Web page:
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Ice research on the RSV Nuyina

The research capabilities of an icebreaking ship would not be complete without the ability to conduct sea ice and ice sheet research.

Many of the needs of glaciology research overlap with other scientific disciplines on the ship, as the Antarctic cryosphere has strong interactions and connections with the atmosphere, ocean and marine and terrestrial ecosystems.

These needs include access to satellite imagery, weather and wave radar data, meteorological observations, multibeam imagery of the seafloor, atmospheric sampling, and biological and oceanic data (check out Nuyina’s Nerve Centre).

Among the more specific requirements, however, is the need to use the ship as a base from which to deploy people or instruments by helicopter to remote locations on the Antarctic ice sheet or within the sea ice zone.

Other airborne operations include ‘remote sensing’ of ice thickness and snow cover using specially-equipped helicopters or Unmanned Aerial Vehicles.

Scientists can also deploy locally on to the sea ice from an access ramp off the ship or by watercraft or helicopter. Once on the ice they collect ice cores, measure the temperature, thickness and other properties of sea ice and snow, and investigate its chemistry and the ecosystem it supports.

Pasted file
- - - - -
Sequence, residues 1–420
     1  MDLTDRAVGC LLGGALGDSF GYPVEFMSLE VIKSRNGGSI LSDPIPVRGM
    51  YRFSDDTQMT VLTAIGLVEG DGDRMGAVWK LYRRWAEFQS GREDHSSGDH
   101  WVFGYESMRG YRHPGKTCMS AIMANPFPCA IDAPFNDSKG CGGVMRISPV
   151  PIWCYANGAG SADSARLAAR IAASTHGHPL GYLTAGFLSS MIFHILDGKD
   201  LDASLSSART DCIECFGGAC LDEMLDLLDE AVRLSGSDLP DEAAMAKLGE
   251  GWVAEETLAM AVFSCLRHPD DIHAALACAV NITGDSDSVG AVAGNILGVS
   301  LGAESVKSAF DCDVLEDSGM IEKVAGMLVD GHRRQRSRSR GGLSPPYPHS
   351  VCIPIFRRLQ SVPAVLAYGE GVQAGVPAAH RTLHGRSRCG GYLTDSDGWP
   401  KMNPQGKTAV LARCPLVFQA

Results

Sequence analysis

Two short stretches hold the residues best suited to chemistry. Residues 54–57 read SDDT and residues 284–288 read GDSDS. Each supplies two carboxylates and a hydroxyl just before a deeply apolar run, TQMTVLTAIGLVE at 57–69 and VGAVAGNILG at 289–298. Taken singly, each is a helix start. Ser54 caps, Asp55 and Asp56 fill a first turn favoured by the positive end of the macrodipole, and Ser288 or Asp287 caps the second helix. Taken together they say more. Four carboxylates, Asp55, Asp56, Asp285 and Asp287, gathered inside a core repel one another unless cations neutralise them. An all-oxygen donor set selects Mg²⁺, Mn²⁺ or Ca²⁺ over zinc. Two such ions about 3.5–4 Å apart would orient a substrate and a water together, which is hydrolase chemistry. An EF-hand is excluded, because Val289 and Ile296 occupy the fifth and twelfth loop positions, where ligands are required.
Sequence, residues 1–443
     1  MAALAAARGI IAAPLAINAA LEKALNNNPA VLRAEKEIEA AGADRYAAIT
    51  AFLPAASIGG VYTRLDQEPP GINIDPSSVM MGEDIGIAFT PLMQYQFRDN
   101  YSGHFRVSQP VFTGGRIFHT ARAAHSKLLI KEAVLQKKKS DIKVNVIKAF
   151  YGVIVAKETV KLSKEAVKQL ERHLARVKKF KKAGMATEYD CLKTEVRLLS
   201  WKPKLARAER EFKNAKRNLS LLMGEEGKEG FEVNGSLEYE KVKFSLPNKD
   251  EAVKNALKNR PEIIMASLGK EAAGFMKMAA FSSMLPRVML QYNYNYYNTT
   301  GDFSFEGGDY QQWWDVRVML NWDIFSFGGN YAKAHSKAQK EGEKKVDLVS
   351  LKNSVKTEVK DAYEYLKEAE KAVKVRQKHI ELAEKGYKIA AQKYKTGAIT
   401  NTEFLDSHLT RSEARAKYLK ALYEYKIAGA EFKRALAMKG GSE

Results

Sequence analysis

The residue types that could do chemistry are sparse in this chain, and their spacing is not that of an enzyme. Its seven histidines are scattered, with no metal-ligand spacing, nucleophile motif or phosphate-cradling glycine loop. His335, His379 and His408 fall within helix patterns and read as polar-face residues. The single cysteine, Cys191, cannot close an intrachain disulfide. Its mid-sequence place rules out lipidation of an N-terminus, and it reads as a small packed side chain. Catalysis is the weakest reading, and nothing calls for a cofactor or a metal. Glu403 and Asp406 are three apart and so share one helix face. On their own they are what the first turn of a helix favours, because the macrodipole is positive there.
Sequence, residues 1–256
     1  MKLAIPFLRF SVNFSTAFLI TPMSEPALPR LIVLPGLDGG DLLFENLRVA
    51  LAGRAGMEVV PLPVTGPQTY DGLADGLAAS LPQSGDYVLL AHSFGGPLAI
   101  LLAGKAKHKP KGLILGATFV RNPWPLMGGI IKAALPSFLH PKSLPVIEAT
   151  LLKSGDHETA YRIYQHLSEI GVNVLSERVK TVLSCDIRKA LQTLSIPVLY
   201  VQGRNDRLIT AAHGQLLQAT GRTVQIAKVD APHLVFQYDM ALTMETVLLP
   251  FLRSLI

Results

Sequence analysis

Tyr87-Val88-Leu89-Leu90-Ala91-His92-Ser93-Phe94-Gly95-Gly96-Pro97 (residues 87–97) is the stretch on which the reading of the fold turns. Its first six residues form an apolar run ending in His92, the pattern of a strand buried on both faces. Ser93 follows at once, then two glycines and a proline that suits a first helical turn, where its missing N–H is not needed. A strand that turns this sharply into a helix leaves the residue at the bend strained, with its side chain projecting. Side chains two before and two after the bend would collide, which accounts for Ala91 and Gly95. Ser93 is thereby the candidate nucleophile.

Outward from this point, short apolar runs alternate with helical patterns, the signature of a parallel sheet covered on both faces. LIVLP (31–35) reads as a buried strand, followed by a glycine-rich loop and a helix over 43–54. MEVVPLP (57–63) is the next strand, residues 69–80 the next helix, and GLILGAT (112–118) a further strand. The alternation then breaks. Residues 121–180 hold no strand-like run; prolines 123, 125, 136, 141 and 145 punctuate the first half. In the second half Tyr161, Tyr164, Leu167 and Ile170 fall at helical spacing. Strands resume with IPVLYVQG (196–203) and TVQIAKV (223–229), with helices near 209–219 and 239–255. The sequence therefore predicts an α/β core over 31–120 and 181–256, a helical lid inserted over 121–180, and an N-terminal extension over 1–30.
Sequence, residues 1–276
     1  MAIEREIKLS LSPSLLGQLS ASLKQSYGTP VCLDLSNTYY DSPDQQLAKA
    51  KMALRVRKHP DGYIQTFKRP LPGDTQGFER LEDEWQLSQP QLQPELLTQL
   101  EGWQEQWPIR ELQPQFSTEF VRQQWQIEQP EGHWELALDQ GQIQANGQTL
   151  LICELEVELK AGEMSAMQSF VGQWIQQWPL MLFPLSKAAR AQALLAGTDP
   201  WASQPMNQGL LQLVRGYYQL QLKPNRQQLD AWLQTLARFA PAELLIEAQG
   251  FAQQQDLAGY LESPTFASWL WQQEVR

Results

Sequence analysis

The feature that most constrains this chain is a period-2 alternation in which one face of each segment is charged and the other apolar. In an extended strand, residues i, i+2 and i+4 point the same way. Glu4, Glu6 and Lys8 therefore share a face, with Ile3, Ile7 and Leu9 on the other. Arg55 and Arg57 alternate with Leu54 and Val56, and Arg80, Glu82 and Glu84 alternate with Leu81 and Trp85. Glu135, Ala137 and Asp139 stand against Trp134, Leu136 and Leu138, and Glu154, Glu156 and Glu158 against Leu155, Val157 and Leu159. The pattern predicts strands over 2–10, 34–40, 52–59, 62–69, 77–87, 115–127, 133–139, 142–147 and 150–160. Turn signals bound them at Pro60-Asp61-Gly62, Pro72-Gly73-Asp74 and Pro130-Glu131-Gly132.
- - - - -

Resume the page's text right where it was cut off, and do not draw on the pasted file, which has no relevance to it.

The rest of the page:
RSV Nuyina also has a retractable boom, extending about 10 metres in front of the ship, on which to mount sensors. These sensors include an electromagnetic induction, laser altimeter and snow radar sensor package. As the ship travels, this sensor suite provides real-time information on snow and ice thickness that enhances ship navigation and planning of on-ice field experiments.

Ice profile data from the sensor also improves knowledge of the thickness distribution of Antarctic sea ice and snow cover and helps to calibrate satellite estimates of sea ice thickness.

Scientists collecting samples on the sea ice, beside the Aurora Australis.
Like its predecessor Aurora Australis (pictured), RSV Nuyina provides a platform for glaciologists and biologists to access the sea ice. Photo: Caitlin Gionfriddo
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